VANCOUVER (NEWS 1130 — BC Hydro says it is trying to get out of commitments to purchase electricity from independent power producers (IPPs), as demand drops and surplus power floods the grid because of the COVID-19 pandemic.
“Load heavily influences revenue for us, so we are keeping a close eye on things,” says BC Hydro spokesperson Tanya Fish, who adds demand is down around 10 per cent.
“Right now it’s hard to say with the uncertainty of the future and how the province is going to recover,” she explains.
It comes as B.C. tracks 2020 and 2021 power usage to predict future demand and determine need for independent projects, such as those planned for First Nations down the road, explains the executive director of the Clean Energy Association of BC, Laureen Whyte.
“In my experience, these partnerships are true partnerships with First Nations. So they really do contribute to economic reconciliation, partly because of their size, because it’s accessible,” says Whyte, adding any curtailment or slowdown of those partnerships could have economic impacts in small towns and Indigenous B.C..
Clean Energy BC represents more than 100 IPPs involved in run-of-river, wind, geothermal and solar projects in and outside of B.C.. The bulk of CEBC’s work is in hydro power.
“Some of our members operate in other provinces as well and we haven’t had any kind of similar notice from other utilities that are similar to BC Hydro. So we were a little surprised there that we had not received any signals from other jurisdictions that those kinds of actions might be necessary,” says Whyte.
‘Too much electricity’
The COVID-19 BC Hydro report shows electricity demand could keep dropping, by 12 per cent or more, depending on what happens with economic activity.
Power demand in the United States has also plummeted, making exporting power to regular buyers much more difficult, says Fish.
Lawyer Jim Quail, with the firm Allevato Quail & Roy, who has testified before the BC Utilities Commission on issues involving load capacity, argues BC Hydro should find its way out of all IPP contracts.
“Hydro has too much electricity and that’s because we as customers are forced to buy power from independent power producers that we don’t need,” he says.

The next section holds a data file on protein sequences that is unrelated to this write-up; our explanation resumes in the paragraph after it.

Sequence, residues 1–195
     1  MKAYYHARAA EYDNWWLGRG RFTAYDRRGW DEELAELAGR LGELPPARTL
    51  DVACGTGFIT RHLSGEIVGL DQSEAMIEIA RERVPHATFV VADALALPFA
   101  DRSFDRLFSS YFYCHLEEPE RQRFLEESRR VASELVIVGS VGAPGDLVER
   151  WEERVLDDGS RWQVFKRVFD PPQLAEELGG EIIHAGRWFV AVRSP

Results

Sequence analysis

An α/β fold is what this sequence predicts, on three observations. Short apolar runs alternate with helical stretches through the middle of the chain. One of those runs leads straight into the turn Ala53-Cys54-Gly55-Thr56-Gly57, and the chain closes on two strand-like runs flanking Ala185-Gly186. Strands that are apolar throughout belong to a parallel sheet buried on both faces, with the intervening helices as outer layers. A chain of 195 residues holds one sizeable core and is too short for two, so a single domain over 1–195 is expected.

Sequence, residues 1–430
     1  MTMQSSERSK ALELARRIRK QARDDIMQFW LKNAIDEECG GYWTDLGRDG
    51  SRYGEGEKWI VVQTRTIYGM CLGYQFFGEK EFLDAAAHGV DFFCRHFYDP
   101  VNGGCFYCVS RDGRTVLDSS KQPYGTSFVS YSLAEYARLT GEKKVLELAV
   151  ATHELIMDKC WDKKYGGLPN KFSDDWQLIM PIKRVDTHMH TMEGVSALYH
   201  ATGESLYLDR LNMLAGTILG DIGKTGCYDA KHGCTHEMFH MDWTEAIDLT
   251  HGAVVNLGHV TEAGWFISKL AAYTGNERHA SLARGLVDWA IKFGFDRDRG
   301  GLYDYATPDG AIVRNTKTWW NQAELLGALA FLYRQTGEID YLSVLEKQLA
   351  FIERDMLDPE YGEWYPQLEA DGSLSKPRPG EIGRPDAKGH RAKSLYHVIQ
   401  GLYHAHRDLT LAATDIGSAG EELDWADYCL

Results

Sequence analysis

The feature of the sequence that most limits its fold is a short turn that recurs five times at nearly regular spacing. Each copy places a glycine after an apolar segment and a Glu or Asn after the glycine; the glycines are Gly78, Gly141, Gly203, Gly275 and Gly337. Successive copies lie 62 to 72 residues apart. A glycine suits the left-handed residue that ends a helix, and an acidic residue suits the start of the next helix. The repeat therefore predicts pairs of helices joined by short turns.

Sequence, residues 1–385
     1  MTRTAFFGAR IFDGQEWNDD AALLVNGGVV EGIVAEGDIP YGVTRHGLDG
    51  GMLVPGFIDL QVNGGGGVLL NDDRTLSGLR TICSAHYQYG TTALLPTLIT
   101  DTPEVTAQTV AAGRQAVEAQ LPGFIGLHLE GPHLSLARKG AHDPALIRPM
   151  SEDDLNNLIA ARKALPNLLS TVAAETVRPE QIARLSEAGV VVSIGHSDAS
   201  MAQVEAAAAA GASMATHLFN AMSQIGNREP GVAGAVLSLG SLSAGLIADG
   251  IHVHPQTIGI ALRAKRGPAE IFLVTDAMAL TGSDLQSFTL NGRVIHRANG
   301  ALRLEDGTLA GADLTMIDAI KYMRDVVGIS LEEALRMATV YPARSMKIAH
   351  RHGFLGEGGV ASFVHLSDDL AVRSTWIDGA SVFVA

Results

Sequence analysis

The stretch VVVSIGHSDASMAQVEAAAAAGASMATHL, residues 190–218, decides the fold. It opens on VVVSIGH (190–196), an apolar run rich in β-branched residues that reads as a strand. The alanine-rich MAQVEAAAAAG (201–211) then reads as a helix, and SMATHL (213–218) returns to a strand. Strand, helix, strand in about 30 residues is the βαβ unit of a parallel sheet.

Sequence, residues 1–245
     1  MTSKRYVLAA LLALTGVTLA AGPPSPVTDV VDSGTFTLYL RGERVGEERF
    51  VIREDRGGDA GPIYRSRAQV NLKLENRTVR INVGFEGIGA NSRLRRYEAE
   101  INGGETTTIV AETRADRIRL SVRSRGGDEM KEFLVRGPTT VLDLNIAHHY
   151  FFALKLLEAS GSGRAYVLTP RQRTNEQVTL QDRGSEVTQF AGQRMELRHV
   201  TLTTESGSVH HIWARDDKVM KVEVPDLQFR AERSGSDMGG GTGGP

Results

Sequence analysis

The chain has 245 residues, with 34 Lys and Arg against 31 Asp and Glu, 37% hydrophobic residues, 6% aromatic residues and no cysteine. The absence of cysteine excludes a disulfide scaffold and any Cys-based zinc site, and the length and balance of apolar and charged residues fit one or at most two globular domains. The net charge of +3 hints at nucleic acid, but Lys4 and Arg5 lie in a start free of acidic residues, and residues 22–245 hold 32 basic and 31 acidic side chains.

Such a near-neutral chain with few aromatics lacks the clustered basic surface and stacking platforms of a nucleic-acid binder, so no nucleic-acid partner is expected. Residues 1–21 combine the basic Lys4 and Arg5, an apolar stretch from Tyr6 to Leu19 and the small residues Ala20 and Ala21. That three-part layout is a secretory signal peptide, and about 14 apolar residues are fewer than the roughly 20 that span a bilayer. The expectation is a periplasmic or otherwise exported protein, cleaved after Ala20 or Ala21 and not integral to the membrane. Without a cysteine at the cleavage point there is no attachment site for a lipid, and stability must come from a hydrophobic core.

“It’s especially a big problem in the spring, when the ice packs are melting and there’s way too much power in the system … and then along comes the pandemic, so suddenly while Hydro has this problem of too much water and too much electricity, the consumption of that electricity has plummeted,” he says.
The sudden and unprecedented crash in domestic and international power demand puts the company in such a place that it won’t be looking to build new projects, partner with IPPs or First Nations, or expand capacity anytime soon, says Quail.
“[BC Hydro was] projecting that they’d have a surplus for a decade, depending on how long this recession is and how well things recover coming out of it. This could be a much longer period than that. So it’s a very serious problem,” says Quail.
“There is no question, and I’m sure that Hydro will be in no hurry to build new projects or to purchase energy from IPPs for a long time,” he adds.
Speaking for the IPPs, Whyte says the short term uncertainty is outweighed by what experts understand about long term demand, electrification, and calls for a major shift to protect the environment.
She says IPPS create long terms jobs and should be included in B.C. ‘s planning, but first, a comprehensive review is needed that looks closer at demand projections and a balanced mix of sources for ratepayers.
“We are long overdue for an integrated resources plan,” she says.
“The last one was completed in 2013 so accurately forecasting demand and supply is something that we have not done now since 2013. That creates a lot of uncertainty across the board.”
She also criticizes the utility provider for importing power at times, something BC Hydro says it does when it’s possible to make a profit selling high and buying back at lower costs.
Whyte says after speaking with BC Hydro last week and reading a letter sent to IPP operators, the messages from the utility provider leave only questions about which IPPs will be impacted, how contracts may be altered, and what will be built in the future.
“That’s the problem. We don’t know. They haven’t given us really any indication of an order of magnitude or time frames or anything like that. So it’s a little bit hard to predict,” says Whyte.
As BC Hydro dumps water out of reservoirs at the Revelstoke and Seven Mile dams, Quail says it’s power being wasted that we will all have to pay for one way or another.
“There’s going to be a big hit to BC Hydro and there’s only one pocket ultimately that can pay for that, and that’s you and me, either as Hydro customers or as taxpayers,” he says.
As for how the utility will handle commitments already made to IPPs, Quail says a standard clause known as force majeure, likely frees both parties from commitments during an emergency or unforeseen circumstances.